A TRULY IMPORTANT AND ASTONISHINGLY RARE ENGLISH OAK ROMANESQUE SCULPTURE OF ST PETER. SOUTHERN ENGLAND. CIRCA 1150.
THE IMPORTANCE OF THIS HISTORICAL ENGLISH SCULPTURE CANNOT BE OVER STATED, AS IT IS POSSIBLY ONE OF THE ONLY COMPLETE EXAMPLES OF ENGLISH ROMANESQUE WOOD SCULPTURE IN EXISTENCE, OF MUSEUM QUALITY.
Saint Peter, holding a book and single key with a foliate bow and clad in monastic robes give the impression of having stepped from the pages of a 12th-century South English manuscript. The figure stands rigid and frontally. Like much Norman Romanesque sculpture, this figure appears more like a painted image, appearing to exist almost entirely in two-dimensional space. Rather than naturalisticaly following the contours of the body, drapery provides a field for a riotous display of patterned folds.
The figure’s huge, staring eyes with drilled-out pupils and short, cropped Saxon-inspired moustache solidly link it with documented South English Romanesque sculpture. Examples include the Gloucester Candlestick (V&A: 76491), the South Cerney head of Christ (British Museum: 1994,1008), the architectural sculpture from Old Sarum, and the reliefs at Chichester Cathedral. The drapery, with its repetitive, bandage-like laminate folds and nested V-folds, follows the later Anglo-Saxon model more often seen in the South, including the portal sculpture at Malmesbury Abbey (Wilts.), the painted nave at Kempley (Glos.), and the copper alloy Monmouth Crucifix. The closest parallels may be seen in the miniatures of the Shaftesbury Psalter (British Library: Lansdowne, 383). Here, the Germanic facial type combines with the very same fold types seen in the figure of Saint Peter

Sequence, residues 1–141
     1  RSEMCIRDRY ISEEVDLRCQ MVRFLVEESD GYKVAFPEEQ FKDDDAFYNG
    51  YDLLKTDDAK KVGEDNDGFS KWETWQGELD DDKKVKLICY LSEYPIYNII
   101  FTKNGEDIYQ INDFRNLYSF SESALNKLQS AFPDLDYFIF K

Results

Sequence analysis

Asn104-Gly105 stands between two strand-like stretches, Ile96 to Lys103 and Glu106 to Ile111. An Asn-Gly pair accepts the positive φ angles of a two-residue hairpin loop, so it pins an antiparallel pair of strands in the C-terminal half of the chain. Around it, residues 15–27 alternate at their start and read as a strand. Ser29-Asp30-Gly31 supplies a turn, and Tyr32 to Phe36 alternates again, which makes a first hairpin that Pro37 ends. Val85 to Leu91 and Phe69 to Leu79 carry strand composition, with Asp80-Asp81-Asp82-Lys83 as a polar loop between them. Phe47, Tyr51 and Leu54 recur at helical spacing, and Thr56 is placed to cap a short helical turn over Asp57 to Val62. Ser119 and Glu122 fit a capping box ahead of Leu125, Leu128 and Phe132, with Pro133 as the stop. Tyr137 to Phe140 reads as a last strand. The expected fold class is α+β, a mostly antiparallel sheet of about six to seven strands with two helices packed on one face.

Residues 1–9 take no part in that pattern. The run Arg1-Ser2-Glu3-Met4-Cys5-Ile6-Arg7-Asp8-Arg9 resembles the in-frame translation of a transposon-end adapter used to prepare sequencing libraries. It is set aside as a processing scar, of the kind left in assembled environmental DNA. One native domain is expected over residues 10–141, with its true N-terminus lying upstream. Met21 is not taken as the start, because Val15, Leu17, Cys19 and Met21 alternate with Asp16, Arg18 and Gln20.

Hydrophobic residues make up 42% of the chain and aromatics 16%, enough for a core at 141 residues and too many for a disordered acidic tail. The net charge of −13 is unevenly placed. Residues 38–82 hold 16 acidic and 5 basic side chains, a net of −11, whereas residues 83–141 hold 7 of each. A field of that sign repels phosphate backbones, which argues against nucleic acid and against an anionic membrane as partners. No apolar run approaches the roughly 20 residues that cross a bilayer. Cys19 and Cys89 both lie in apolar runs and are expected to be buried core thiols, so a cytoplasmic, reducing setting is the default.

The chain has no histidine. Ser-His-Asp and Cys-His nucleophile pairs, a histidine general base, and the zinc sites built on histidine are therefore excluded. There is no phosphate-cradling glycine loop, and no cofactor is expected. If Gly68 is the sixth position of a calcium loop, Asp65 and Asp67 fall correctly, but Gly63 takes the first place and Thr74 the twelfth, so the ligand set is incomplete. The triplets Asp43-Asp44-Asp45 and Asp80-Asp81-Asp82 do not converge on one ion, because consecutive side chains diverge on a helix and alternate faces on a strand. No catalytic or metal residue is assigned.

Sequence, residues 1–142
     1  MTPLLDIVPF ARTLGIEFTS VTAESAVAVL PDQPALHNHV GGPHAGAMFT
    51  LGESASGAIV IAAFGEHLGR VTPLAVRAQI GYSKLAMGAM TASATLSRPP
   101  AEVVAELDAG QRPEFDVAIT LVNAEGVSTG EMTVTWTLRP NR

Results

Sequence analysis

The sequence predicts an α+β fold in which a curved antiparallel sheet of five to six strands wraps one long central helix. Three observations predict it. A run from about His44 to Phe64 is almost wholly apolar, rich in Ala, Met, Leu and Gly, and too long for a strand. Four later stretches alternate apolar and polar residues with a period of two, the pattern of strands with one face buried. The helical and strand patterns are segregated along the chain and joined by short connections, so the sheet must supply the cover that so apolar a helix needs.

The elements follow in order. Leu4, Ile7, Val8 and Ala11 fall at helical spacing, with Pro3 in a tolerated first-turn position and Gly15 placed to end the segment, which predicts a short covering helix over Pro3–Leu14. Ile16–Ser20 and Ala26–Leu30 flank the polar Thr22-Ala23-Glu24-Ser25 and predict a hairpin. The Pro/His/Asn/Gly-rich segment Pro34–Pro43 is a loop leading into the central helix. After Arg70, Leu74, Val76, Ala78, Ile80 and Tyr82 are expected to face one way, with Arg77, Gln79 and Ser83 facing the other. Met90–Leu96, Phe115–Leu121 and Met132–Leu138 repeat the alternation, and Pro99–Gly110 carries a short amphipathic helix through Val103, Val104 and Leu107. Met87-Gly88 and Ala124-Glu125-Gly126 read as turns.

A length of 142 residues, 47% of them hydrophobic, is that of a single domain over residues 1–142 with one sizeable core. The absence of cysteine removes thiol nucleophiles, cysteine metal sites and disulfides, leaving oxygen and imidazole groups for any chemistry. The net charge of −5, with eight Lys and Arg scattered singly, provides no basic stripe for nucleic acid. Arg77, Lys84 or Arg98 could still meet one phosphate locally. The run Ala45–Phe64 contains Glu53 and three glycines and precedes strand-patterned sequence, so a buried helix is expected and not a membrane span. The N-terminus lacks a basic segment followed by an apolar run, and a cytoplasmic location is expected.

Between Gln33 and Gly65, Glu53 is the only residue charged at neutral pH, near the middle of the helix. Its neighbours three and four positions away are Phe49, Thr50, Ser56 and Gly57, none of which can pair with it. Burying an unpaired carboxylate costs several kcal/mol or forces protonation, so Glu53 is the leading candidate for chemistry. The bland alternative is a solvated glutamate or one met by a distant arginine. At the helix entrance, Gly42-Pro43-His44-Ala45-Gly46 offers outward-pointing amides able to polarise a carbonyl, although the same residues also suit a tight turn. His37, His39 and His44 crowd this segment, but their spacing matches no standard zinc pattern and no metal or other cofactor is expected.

Carved of oak, three-quarters in the round, the figure was likely contained within a tabernacle, perhaps positioned above the principal altar in a church dedicated to Saint Peter. Peter is depicted in robes and mantel, with a nimbus or halo, which signifies his saintly status. Likely, likely the church for which this figure was intended was monastic church, as indicated by the figures robes and knotted belt. The figure also holds only a single key, which represents Christ’s covenant with the professional clergy, not the laity.
Modern applied base and ancient, nailed repair to the nimbus. Surface heavily burnished from handling, with subtle traces of polychrome. Timber is an incredibly hard, almost petrified oak. The radial twist in the gain and numerous small knots indicate that the stock likely originated from coppiced timber
PURCHASED IN 2011 FROM A NEW ZEALAND COLLECTOR WHO ACQUIRED IT FROM THE UK IN THE 90S. THENCE FROM AN IMPORTANT PRIVATE COTSWOLD COLLECTION.
ILLUSTRATED AND DOCUMENTED ON THE WEBSITE- INVISIBLESAINTSMYPARISH.ORG. THIS IS A COMMUNITY DRIVEN WEB BASED PROJECT TO LOCATE, DIGITALLY RECORD AND DOCUMENT THE LONG LOST MEDIEVAL DEVOTIONAL WOOD SCULPTURES OF THE BRITISH ISLES. THE ULTIMATE AIM OF THIS WEB SITE IS TO BRING THESE WORKS OF ART TO LIGHT, NOT ONLY FOR THEIR DOCUMENTATION PURPOSES BUT ALSO FOR FUTURE SCHOLARS, THE WEBSITE WAS COMPILED BY THE WARWICK ARTS DEPARTMENT OF HISTORY.
STOCK NO 1779.